Arisaka Type 99 Dust Cover

Posted in Parts & Accessories with tags , , on January 7, 2018 by The Dude

Flag_of_Japan.svgOften missing, and hard to find when you want one. This is a numbered dust cover for the Arisaka Type 99 rifle. These were supplied with early series Type-99’s but deleted later on, although you will see the receivers still machined for them right to the end of the war.

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Walther G41 Semi-automatic Rifle

Posted in Firearms with tags , , , , on December 28, 2017 by The Dude

Flag_of_the_NSDAP_(1920–1945).svgOkay, so this is the most expensive thing I have in my collection now. It’s a 1941 manufactured Walther G41(W) semiautomatic rifle. Manufactured in two plants, this example bears the stamp AC indicating it was made in Walther’s factory at Zeller Mehlis. It wasn’t a success and less than 145,000 were built. It suffered from fouling issues and over pressuring, resulting in firing pin or piston failures. You can see the resemblance to the later G43, it’s successor.

5th Series Nagoya Type 99 Rifle

Posted in Firearms with tags , , , , on December 28, 2017 by The Dude

Flag_of_Japan.svgThis is my second Type 99 rifle. It’s a Nagoya late series 5, which puts it late 43 to late 44. The rifle is a bolt and receiver serial match but the stock is a mismatch, although correct for the series. This rifle was produced when the Japanese had started to simplify the design, resulting in the elimination of the monopod and anti-aircraft sights. The rear band still has the mount holes for the monopod although one has never been fitted. The main reason I bought this rifle was because it has the late type canvas sling, which is terrifically hard to get hold of.

German Ball Shrapnel from the Somme

Posted in Odds & Ends, Ammunition, Missiles & Projectiles with tags , , , , , on December 10, 2017 by The Dude

Flag_of_the_German_EmpireFlag_of_the_United_KingdomShrapnel and shell fragments accounted for a large proportion of those killed and wounded in WW1. Those blown into the ether by high explosive to one side, artillery accounted for around 70% of casualties. These six balls were recovered from the Thiepval Redoubt on the Somme and are German in origin. Thiepval was a slaughterhouse on the first day of the attack and, despite early success, took a savage pounding from German counter-fire.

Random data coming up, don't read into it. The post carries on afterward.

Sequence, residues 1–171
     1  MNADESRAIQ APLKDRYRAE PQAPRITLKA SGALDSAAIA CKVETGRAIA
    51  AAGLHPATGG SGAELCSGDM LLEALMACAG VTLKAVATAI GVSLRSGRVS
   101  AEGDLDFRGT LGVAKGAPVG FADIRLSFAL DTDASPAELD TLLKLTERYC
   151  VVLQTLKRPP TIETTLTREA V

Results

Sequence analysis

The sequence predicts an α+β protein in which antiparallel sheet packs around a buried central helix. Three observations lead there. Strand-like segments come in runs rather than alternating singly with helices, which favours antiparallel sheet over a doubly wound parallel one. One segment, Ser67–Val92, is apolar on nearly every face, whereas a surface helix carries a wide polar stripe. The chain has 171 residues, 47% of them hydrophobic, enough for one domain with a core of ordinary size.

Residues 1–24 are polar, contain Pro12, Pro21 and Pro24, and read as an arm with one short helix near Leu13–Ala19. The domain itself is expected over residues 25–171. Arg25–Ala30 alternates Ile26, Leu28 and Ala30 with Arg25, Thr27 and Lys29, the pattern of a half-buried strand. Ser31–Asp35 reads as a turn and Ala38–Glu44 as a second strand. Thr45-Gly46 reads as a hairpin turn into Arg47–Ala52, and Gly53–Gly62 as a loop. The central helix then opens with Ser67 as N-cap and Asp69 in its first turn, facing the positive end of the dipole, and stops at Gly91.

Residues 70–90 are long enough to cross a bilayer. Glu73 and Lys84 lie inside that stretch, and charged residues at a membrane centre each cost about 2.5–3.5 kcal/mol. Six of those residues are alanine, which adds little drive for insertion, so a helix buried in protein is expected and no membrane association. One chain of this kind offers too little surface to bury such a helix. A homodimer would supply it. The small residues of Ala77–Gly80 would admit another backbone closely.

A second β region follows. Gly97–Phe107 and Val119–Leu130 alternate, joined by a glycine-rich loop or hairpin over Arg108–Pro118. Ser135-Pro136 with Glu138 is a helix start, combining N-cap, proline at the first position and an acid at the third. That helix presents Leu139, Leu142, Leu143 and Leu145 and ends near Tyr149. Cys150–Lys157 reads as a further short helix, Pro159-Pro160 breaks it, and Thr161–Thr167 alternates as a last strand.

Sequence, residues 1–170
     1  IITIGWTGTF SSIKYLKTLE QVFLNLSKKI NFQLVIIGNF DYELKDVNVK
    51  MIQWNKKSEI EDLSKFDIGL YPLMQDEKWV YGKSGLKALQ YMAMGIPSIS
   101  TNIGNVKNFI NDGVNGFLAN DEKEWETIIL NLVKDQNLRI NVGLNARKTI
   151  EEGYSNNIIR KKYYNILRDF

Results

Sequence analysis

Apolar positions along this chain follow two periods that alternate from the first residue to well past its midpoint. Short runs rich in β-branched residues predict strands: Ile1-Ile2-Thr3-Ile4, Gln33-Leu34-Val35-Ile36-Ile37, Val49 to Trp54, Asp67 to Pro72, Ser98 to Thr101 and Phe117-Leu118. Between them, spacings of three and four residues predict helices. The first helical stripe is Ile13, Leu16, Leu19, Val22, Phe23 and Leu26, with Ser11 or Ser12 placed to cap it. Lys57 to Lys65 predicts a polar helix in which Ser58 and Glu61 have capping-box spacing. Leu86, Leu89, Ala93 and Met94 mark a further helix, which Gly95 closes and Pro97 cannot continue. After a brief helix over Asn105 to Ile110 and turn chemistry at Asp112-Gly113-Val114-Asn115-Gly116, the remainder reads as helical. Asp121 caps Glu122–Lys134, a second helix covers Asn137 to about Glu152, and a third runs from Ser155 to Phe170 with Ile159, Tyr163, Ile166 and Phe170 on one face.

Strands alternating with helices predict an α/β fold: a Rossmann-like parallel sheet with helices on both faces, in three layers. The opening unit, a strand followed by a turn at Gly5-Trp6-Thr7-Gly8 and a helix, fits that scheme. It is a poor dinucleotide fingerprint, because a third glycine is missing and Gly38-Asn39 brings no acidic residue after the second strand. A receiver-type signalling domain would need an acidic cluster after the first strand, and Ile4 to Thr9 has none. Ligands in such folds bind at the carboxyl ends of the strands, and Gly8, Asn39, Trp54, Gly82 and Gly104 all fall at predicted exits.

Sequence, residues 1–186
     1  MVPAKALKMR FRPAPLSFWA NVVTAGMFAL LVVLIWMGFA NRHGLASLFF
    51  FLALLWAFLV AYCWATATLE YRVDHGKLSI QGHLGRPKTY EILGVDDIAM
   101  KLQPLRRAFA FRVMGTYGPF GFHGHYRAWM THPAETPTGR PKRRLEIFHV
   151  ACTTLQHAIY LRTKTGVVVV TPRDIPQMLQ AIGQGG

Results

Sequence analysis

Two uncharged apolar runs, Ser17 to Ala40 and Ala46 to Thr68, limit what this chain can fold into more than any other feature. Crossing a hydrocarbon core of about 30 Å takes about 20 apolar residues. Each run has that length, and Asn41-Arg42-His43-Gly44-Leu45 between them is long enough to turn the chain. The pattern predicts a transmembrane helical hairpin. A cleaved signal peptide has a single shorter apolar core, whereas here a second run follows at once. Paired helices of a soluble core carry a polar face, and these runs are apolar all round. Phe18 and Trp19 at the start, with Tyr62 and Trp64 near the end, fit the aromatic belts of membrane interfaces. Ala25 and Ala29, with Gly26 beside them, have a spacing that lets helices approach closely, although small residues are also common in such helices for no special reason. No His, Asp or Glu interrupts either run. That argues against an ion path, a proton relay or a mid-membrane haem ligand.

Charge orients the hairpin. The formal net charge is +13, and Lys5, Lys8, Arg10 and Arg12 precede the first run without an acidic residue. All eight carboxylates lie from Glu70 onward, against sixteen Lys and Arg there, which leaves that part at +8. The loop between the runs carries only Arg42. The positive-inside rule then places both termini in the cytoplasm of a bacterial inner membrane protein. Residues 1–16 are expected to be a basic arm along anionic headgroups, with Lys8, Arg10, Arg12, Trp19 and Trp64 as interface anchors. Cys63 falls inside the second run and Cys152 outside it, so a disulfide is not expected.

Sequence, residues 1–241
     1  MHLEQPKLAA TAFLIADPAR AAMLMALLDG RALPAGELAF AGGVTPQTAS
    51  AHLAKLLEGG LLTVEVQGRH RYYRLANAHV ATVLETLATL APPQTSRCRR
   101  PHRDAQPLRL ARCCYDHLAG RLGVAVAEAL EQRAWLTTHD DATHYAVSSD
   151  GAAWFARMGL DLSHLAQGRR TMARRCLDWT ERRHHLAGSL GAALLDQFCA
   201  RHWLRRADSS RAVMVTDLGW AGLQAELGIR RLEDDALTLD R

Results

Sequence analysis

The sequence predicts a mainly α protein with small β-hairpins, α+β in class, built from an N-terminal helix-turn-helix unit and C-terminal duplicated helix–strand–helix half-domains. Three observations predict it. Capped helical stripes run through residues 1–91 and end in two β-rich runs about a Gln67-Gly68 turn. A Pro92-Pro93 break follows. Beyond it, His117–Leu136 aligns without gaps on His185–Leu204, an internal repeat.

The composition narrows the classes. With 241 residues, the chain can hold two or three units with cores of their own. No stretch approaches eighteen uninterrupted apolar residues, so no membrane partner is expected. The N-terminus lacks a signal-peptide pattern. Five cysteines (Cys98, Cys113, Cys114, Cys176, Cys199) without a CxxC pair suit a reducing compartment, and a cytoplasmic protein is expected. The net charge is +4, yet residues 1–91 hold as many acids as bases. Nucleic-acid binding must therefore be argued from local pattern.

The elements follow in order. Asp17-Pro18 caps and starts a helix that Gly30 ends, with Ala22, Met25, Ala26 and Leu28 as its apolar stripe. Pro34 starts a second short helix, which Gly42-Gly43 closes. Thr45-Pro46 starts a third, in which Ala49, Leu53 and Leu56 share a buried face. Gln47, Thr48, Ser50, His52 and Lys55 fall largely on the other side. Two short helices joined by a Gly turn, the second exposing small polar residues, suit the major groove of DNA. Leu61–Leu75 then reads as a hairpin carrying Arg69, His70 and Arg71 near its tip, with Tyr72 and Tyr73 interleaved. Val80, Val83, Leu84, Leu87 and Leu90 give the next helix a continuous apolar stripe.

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The Battle of Thiepval. The view looking toward Thiepval on morning of attack and showing German barrage. (IWM)

Burma Death Railway Spike

Posted in Odds & Ends with tags , , , , , , on November 18, 2017 by The Dude

Flag_of_ThailandFlag_of_Japan.svgFlag_of_AustraliaFlag_of_the_United_KingdomA couple of cool and evocative finds here from a contact in Thailand. These are Thai 1940 dated railway spikes from the ruined railway line that ran over 415 km from Thanbyuzayat in Burma to Ban Pong in Thailand. Many people know it only from it’s depiction in the movie “The Bridge on the River Kwai” where it crosses the Mae Klong river. I visited the site and Hellfire Pass in 2014 and I cannot believe the misery under which the slave laborers, both civilian and Allied POW, must have worked and died. A digger over there walked sections of the rail line that were never reused after the war and retrieved these spikes.

A Career Navy Birchall in WW1 & WW2

Posted in 1914-1918 Service Medals, Family Groups & Singles with tags , , , , , on November 11, 2017 by The Dude

Flag_of_the_United_KingdomThis orphaned British War Medal is impressed to K6690 F.BURCHELL L.STO R.N. Luckily today is Remembrance Day, so the Ancestry military records are free. He was hard to track down because the naming of the medal is in error. It belonged to George Victor Burchell, born in Preston in 1896. He joined the Royal Navy as a boy of 12. He served in both WW1 and WW2, however, all of his service post WW1 was on shore stations like HMS Defiance and HMS Vivid. He had postings on HMS Eagle both in 1918 as well as the next Eagle in the mid 30’s. His trade was listed as jeweller/watchmaker and since most of his berths were at torpedo training establishments, I think he most likely serviced the mechanisms in torpedoes. His rank on the medal was Leading Stoker, his final rank in 1942 was Leading Petty Officer.

Japanese 8mm Pistol Ammunition Cartons

Posted in Ammo & Magazine Pouches, Ammunition with tags , , , , on November 10, 2017 by The Dude

Flag_of_Japan.svgThese two cartons arrived in the mail today, all the way from the U.S. I expect you won’t be that excited by them but finding unopened cartons of wartime Japanese Nambu ammunition is almost unobtainium. Getting them into Canada from the States is a painful experience as any ammunition export from the US requires Department of the Interior approval. These two cartons are marked almost identically. The star marking is for the Tokyo First Arsenal. The first line of characters is “ju-yon-nen-shiki-ken-ju-jip-po”  which translates to “Type 14 Handgun Ammunition”. The second row is “ju-go-hatsu” meaning “15 rounds”. On the underneath of the cartons are the stamps for “sho” meaning Showa Year and 19.11, which translates to November 1944. These are perfect for my 1944 Type 14 Pistol here and fit into the front pocket of the 1944 holster I have here.